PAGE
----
She would be more accurate if she said that Trump is not who we want to be, that we wish to be better than that. For we are part Trump, let’s face it—part bully, part racist, part predator, part McCarthyite, part infatuated with lies that we like to hear. That is part of our national character, as has become obvious, along with our high ideals and our moral yearnings. We need to overcome that ugliness by confronting it and defeating it.
Trump is the embodiment of all that has stolen greatness from America during its history. So the most effective way to demonstrate that we can take a higher road, as Michelle Obama has said (“When they go low, we go high.”) is to vote Trump down so decisively that we restore in ourselves something of what has been lost during this campaign.
A stirring indictment of Trump was published this week by the Deseret News of Salt Lake City, a paper owned by the Mormon church but which never before in its 80 years “entered into the troubled waters of presidential endorsement,” an editorial explained. “We are neutral on matters of partisan politics. We do, however, feel a duty to speak clearly on issues that affect the well-being and morals of the nation.” The paper then called on Trump to step down from his candidacy.
“In democratic elections, ideas have consequences, leadership matters, and character counts. The idea that women secretly welcome the unbridled and aggressive sexual advances of powerful men has led to the mistreatment, sorrow, and subjugation of countless women for far too much of human history. The notion that strength emanates from harsh, divisive, and unbending rhetorical flourish mistakenly equates leadership with craven intimidation. The belief that the party and the platform matter more than the character of the candidate ignores the wisdom of the ages that, ‘when the wicked beareth rule, the people mourn.’ (Proverbs 29:2).”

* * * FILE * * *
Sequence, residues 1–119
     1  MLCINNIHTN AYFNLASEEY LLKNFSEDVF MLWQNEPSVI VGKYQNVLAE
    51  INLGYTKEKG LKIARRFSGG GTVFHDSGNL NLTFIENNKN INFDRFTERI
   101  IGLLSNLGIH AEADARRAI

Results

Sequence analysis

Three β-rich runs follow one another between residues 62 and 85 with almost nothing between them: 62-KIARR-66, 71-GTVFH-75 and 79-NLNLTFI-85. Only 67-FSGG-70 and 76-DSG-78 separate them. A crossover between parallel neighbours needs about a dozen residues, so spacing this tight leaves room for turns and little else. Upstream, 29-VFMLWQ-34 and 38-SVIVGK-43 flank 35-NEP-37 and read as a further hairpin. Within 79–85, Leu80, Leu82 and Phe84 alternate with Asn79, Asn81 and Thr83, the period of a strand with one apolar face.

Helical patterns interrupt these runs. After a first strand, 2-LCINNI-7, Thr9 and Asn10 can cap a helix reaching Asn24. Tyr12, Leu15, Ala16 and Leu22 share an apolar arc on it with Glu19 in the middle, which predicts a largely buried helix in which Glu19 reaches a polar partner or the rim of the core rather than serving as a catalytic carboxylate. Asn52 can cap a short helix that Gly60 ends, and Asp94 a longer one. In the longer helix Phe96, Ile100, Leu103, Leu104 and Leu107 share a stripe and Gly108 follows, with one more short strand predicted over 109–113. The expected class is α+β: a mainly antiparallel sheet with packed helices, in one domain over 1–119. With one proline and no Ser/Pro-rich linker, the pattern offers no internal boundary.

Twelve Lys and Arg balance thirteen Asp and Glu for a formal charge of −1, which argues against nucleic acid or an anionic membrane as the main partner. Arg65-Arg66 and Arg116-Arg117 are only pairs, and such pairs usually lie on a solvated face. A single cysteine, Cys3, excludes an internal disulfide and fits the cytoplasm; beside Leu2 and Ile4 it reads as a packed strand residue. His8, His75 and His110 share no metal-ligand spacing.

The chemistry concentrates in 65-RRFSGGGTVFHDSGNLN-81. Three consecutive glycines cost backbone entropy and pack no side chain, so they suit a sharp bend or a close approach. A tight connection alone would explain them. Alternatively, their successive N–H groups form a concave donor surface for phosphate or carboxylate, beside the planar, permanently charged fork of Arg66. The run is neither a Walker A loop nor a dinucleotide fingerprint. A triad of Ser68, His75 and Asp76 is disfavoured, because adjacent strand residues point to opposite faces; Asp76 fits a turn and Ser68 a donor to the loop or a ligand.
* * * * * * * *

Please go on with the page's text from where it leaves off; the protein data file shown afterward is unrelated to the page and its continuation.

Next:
Trump’s lewd tape was clearly the last straw for the paper. “What oozes from this audio is evil,” the editorial noted, adding perceptively that it confirmed “Trump’s inability to self-govern.” 
The country needs a cleansing result in this election, and that requires a landslide against Trump. We need to demonstrate to future aspirants for office that no such character will ever succeed in representing us. That means some clear rethinking by anti-Trump citizens who don’t like Clinton and who are inclined to stay home or vote for a third party.